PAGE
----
Packing a Symfony full-stack Framework Application in one File -- Bootstrapping

Fabien Potencier

June 18, 2013

This article is part of a series of articles that explains how to pack a Symfony full-stack application in one file. The first article explains why this might actually be useful: 1) Introduction, 2) Bootstrapping, ...

The most common way to create a Symfony project is to start with the Symfony Standard Edition: it defines a sensible directory structure for your project and it make things a lot easier when someone want to take over an existing project as he knows where the templates, the controllers, or the configuration are stored. So, let's start our journey with the Symfony Standard Edition:

$ composer.phar create-project -n symfony/framework-standard-edition se/ 2.3.0

From there, let's remove a bunch of code to get the bare minimum of code needed to keep it working:

rm -rf LICENSE README.md UPGRADE* bin/ app/SymfonyRequirements.php \
       app/autoload.php app/bootstrap.php.cache app/AppCache.php app/check.php \
       app/console app/phpunit.xml.dist app/Resources src/ web/config.php \
       web/favicon.ico web/robots.txt web/apple-touch-icon.png web/app.php web/bundles/ \
       app/cache/* app/log/* .travis.yml app/.htaccess web/.htaccess
 

I've removed all those files and directories because there are not needed for the purpose of our challenge.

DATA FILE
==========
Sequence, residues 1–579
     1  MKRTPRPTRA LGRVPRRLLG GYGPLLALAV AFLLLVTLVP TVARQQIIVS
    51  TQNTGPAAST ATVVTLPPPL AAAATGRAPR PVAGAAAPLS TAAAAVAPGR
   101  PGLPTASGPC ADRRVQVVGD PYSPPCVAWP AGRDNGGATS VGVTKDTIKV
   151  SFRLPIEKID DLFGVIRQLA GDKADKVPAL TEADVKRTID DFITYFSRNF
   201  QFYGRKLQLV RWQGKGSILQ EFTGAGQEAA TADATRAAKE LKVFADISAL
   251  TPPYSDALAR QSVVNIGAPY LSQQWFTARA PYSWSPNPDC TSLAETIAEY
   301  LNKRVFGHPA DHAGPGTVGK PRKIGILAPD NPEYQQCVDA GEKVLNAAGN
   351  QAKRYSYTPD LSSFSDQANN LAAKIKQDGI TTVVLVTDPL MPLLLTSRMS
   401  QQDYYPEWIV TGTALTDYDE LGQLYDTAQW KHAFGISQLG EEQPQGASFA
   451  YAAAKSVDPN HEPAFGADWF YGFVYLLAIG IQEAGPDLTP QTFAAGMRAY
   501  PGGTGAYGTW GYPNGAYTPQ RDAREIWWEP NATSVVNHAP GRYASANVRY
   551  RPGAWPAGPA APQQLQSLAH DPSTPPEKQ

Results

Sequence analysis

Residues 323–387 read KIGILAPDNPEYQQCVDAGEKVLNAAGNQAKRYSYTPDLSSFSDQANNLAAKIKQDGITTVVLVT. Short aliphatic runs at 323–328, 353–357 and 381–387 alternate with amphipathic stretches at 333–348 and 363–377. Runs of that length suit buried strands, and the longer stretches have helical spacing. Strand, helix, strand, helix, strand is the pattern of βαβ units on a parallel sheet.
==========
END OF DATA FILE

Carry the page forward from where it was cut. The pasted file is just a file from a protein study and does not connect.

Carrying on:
Next, let's simplify the configuration and move everything into just one file:

# app/config/config_dev.yml
framework:
    secret:          $ecret
    router:
        resource: "%kernel.root_dir%/config/routing_dev.yml"
    form:            ~
    csrf_protection: ~
    validation:      { enable_annotations: true }
    templating:
        engines: ['twig']
    session:         ~
    fragments:       ~
 

The routing_dev.yml file has been emptied for now, and all other configuration files have been removed.

We can also remove most of the bundles from the application kernel class:

use Symfony\Component\HttpKernel\Kernel;
use Symfony\Component\Config\Loader\LoaderInterface;
 
class AppKernel extends Kernel
{
    public function registerBundles()
    {
        return array(
            new Symfony\Bundle\FrameworkBundle\FrameworkBundle(),
            new Symfony\Bundle\TwigBundle\TwigBundle(),
        );
    }
 
    public function registerContainerConfiguration(LoaderInterface $loader)
    {
        $loader->load(__DIR__.'/config/config_'.$this->getEnvironment().'.yml');
    }
}
 

We can also simplify the web/app_dev.php code:

use Symfony\Component\HttpFoundation\Request;
use Symfony\Component\Debug\Debug;
 
require_once __DIR__.'/../vendor/autoload.php';
Debug::enable();
 
require_once __DIR__.'/../app/AppKernel.php';
 
$kernel = new AppKernel('dev', true);
$request = Request::createFromGlobals();
$response = $kernel->handle($request);
$response->send();
$kernel->terminate($request, $response);
 

The composer.json file can also be simplified:

{
    "name": "fabpot/onefile-challenge",
    "license": "MIT",
    "type": "project",